Several studies highlighted the importance of MVs in antibiotic resistance. Exposure of S. maltophilia cells to β-lactam antibiotics led to a significant increase in MVs that are packed with β-lactamases (Devos et al., 2015). These MVs are capable of degrading β-lactams extracellularly, and even increase the β-lactam tolerance of the species P. aeruginosa and B. cenocepacia (Devos et al., 2016). Furthermore, β-lactamases were found in MVs of P. aeruginosa and H. influenzae, indicative for a general mechanism to respond to β-lactam stress (Ciofu et al., 2000; Schaar et al., 2011). MVs can also mediate export of antibiotics or extracellular capturing of antibiotics. When P. aeruginosa is treated with the aminoglycoside gentamycin, it secretes gentamycin-containing MVs. These MVs also contain peptidoglycan hydrolase and were shown to be bactericidal against B. cenocepacia (Allan and Beveridge, 2003). Finally, MVs can aid in the inter- and intraspecies spread of resistance genes (Schwechheimer and Kuehn, 2015).
Secretion Systems As Targets For Anti-Infective Drugs
Development of novel therapies is crucial to manage the spread and impact of these pathogens on CF patients. Classical antibiotics mostly exert their function by inhibiting the growth of bacteria through interference with cell wall biogenesis, DNA replication, transcription, and protein synthesis (Baron and Coombes, 2007). Unfortunately, the rate at which resistance against these traditional antibiotics emerges is alarming, partly due to the rise of mutations in the genes coding for antibiotic targets. Secretion system inhibitors are a novel class of anti-infectives that do not inhibit bacterial growth per se and therefore do not provoke selection for mutations causing resistance. Another advantage is the fairly high degree of conservation of these systems between a whole range of Gram-negative pathogens. Since secreted effectors often play a major role in immune evasion, targeting these important bacterial virulence mechanisms may restore pathogen clearance by the host’s own immune system.
Kauppi et al. (2003) found that a family of acylated hydrazones of different salicylaldehydes can inhibit the T3SS at the level of substrate secretion/translocation. The related halogenated salicylaldehydes are capable of inhibiting the transcription of genes encoding T3SS components (Kenny et al., 1997). Thiazolidinones were found to target the formation or assembly of the T3SS needle apparatus. These compounds could also inhibit the T2SS in Pseudomonas and the type IV pili secretion system of Francisella, therefore it is hypothesized that they might act on the conserved outer membrane secretin (Felise et al., 2008; Kline et al., 2009). Other promising targets are the energy-generating ATPases of T2SS and T4SS (Sayer et al., 2014), the accessory lytic transglycosylases of T2SS, T3SS, and T4SS (Koraimann, 2003) and the translocated effector proteins (Coburn et al., 2007; Figueira et al., 2013; Kidwai et al., 2013). By inhibiting T4SS-dependent secretion, horizontal transfer of antibiotic resistance genes could be reduced.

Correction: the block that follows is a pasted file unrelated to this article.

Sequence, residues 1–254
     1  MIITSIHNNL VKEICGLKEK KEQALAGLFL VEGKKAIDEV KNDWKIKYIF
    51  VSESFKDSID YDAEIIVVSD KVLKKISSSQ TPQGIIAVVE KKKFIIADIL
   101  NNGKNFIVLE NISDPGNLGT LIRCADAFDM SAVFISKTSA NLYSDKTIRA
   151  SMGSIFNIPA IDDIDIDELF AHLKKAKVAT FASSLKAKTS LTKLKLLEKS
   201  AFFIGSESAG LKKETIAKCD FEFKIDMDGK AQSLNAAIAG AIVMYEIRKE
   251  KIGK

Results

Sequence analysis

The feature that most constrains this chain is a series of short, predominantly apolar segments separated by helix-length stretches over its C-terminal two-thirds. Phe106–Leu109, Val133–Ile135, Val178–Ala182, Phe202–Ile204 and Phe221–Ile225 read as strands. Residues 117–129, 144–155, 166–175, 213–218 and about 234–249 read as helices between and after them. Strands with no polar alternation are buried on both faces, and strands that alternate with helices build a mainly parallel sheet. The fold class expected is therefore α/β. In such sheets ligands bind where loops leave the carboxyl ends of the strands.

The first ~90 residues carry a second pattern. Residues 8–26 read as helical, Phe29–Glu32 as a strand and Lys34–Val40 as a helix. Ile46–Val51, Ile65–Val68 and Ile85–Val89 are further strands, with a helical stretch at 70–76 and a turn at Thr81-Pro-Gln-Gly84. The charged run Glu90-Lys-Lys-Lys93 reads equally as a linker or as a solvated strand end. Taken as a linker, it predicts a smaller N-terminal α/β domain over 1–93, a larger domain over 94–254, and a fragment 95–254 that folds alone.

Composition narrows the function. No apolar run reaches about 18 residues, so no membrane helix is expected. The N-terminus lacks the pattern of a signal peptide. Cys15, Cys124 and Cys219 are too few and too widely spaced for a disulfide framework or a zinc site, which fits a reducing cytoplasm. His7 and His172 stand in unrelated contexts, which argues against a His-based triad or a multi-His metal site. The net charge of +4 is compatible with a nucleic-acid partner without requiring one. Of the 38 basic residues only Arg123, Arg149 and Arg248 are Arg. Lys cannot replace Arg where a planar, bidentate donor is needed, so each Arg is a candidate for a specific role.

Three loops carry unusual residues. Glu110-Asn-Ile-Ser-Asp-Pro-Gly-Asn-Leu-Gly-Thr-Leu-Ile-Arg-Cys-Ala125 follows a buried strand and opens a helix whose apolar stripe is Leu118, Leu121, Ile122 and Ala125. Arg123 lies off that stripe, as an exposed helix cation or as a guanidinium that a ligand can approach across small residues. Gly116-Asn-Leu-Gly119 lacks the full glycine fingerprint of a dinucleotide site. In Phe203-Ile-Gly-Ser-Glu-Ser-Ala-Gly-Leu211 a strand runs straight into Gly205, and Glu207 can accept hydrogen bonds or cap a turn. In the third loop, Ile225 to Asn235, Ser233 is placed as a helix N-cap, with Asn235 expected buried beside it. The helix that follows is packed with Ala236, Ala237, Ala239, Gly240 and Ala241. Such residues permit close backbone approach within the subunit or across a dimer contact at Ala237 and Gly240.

With as many as 90% of CF patients dying of fatal lung infections every year, it is crucial to find means to eradicate or at least control the growth and spread of these major CF pathogens. Secretion systems provide a useful target, since their effector proteins are responsible for a wealth of host cell compromising actions. Due to the fairly high degree of conservation in the composition of these secretion systems, an inhibitor has the potential to target a whole array of Gram-negative pathogens. Because the growth of the pathogens is unaffected by such compounds, the risk for resistance development is highly reduced. It is therefore essential to keep investing in the identification of novel effector proteins and structural elements of secretion systems, as well as in ways to block secretion of virulence factors and MVs.
SoD wrote the chapters on secretion systems. SiD wrote the chapter on outer membrane vesicles. BD edited the manuscript and is the supervisor of the two other authors.
This work was supported by funding of the Belgian Science Policy via IAP grant 7/44. BOF research Fund of Ghent University supported the fellowship of SoD and provided funds for research on protein secretion in CF pathogens through a GOA grant.
Conflict of Interest Statement
The authors declare that the research was conducted in the absence of any commercial or financial relationships that could be construed as a potential conflict of interest.
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Keywords: infection, cystic fibrosis, pathogenesis, antimicrobial resistance, protein biosynthesis, Gram-negative bacteria
Citation: Depluverez S, Devos S and Devreese B (2016) The Role of Bacterial Secretion Systems in the Virulence of Gram-Negative Airway Pathogens Associated with Cystic Fibrosis. Front. Microbiol. 7:1336. doi: 10.3389/fmicb.2016.01336
Received: 12 May 2016; Accepted: 12 August 2016;
Published: 30 August 2016.
Edited by:David Wareham, Queen Mary University of London, UK
Reviewed by:Burton F. Dickey, University of Texas MD Anderson Cancer Center, USA
Konstantin V. Korotkov, University of Kentucky, USA
Copyright © 2016 Depluverez, Devos and Devreese. This is an open-access article distributed under the terms of the Creative Commons Attribution License (CC BY). The use, distribution or reproduction in other forums is permitted, provided the original author(s) or licensor are credited and that the original publication in this journal is cited, in accordance with accepted academic practice. No use, distribution or reproduction is permitted which does not comply with these terms.
*Correspondence: Bart Devreese, firstname.lastname@example.org